Why Everyone’s Gone Wild for Alexander McQueen: Savage Beauty
The Debrief: So what’s the fuss about?
In case you haven’t heard, a little show called Savage Beauty opens at the V&A in London this week. Scratch that, you probably definitely have heard – the Alexander McQueen retrospective has already been one of the museum’s most successful shows in its history. Over 70,000 advance tickets have already been bought. The show sold out in its first record-breaking run, and had to add 50,000 extra tickets to meet demand alone.
So what’s the fuss about? If early reviews are anything to go by, it’s a showstopper. And they’re right: this isn’t your average museum exhibition with wordy academic descriptions and a nice gift shop at the end. You can’t go for a nice cup of tea and a cake after this. Instead, you are spat out the other end feeling solemn, shaken and awed. The Metropolitan Museum of Art may have been the first to show Savage Beauty, but as V&A director Martin Roth put it at the opening, ‘Lee McQueen is coming home’ with this exhibit.
A quintessential Londoner through and through, McQueen once said that he dreamed of being trapped in the V&A for a whole night. The V&A have repaid the compliment by staging his groundbreaking work with all the richness it deserves. Everywhere you look, there’s something to fascinate and repel, delight and disgust – from a 3D hologram of Kate Moss in a fluttering gown to fearsome leather bodices and the freakish armadillo heels beloved by Lady Gaga.
The whole show consists of four rooms, tracing McQueen’s evolution from his 1992 MA graduate collection all the way through his final collection, Plato’s Atlantis, which McQueen described as depicting a ‘future in which the ice cap would melt, the waters would rise and life on earth would have to evolve in order to live beneath the sea once more’.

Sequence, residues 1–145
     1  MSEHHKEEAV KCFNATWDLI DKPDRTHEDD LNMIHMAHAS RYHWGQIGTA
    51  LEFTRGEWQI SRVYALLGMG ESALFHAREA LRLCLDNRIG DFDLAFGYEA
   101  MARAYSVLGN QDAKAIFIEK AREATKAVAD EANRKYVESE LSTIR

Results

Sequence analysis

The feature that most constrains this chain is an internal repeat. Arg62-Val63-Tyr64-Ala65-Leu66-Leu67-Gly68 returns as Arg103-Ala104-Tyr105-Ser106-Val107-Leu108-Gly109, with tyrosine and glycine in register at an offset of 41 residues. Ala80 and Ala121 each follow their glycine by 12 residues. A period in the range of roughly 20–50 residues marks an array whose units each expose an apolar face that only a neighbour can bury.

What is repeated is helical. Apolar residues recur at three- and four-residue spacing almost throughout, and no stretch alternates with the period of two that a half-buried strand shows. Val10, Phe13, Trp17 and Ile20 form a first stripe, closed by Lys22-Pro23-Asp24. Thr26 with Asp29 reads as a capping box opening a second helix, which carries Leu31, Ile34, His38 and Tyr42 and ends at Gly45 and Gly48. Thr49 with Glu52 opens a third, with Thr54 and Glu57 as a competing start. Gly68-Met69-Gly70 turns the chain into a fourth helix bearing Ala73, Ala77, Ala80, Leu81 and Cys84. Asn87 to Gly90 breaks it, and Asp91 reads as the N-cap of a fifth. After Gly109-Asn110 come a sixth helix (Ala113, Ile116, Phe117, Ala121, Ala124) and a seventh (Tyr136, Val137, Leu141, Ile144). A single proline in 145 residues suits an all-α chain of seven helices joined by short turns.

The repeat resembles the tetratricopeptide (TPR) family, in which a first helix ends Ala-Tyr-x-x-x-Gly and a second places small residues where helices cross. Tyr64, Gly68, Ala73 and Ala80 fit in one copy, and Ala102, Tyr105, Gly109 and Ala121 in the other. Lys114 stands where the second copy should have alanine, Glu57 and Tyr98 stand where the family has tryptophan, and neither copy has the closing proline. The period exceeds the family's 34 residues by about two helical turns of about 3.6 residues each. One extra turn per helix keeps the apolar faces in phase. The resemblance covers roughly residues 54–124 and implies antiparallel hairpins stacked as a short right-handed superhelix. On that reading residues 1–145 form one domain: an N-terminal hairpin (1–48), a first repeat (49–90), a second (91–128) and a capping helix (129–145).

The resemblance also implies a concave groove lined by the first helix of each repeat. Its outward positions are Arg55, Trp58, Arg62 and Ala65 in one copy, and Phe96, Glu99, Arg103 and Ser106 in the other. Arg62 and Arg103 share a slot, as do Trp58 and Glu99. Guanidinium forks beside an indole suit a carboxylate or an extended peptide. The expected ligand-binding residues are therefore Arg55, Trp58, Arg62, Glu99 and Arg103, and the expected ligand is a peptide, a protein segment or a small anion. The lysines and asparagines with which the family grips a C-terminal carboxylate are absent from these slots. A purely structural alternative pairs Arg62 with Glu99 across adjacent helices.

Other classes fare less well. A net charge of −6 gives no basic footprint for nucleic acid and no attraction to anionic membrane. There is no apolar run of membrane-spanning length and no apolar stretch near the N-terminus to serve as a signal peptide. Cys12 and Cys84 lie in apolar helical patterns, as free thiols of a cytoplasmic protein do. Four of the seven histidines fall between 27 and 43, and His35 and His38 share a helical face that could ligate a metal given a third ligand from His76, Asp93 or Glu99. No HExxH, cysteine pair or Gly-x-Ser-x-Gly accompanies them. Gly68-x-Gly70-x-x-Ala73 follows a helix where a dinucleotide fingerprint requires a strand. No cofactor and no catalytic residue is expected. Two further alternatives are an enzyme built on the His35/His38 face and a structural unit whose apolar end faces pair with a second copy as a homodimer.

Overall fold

That alone gives you a sense of McQueen’s boundless imagination. In an industry now governed by numbers – how much you sell, how many Instagram followers you have, how many collections you can pump out in a year – this ‘big mouth, East End yob’ (as he described himself) appealed to something deeper and primal. His clothes were astounding in their technical perfection, but even the most high-tech fabric needs a beating heart to make it come alive. That’s exactly what McQueen provided. When you stand inches away from garments like this floor-length gown entirely covered with pheasant feathers, you almost feel like you’re in the presence of a living, breathing creature.
Those he worked with, including current McQueen designer Sarah Burton, speak of his total, fearless commitment to his vision. For a shoot with Dazed, he wanted to shoot three naked models half-buried in a mountain of decaying fruit and rotting pig’s heads. Photographer Norbert Schoerner remembers the designer was ‘running around smashing watermelons on set to add to the pile’. In Savage Beauty, you see that most in the Cabinet of Curiosities, its spectacular penultimate room.
As Shalom Harlow’s iconic spraypainted white dress from his spring/summer 1999 show revolves in the centre of the space, you’re hit with the sight of no less than 120 pieces in the double-height room, each one stacked in a boxy frame on top of the other. If there’s anything in the show that brings home the dizzying scale and height of his imagination, it’s this.
Karl Lagerfeld once said that fashion was far from art, and designers should stop pretending to be artists. ‘If you want to do art, then show it in a gallery,’ he sniffed. Savage Beauty shows that you can do both – but it’s a rare designer like Alexander McQueen who can pull it off.
Like this? You might also be interested in:
Follow Zing on Twitter: @MissZing
At work? With your gran?
You might want to think about the fact you're about to read something that wouldn't exactly get a PG rating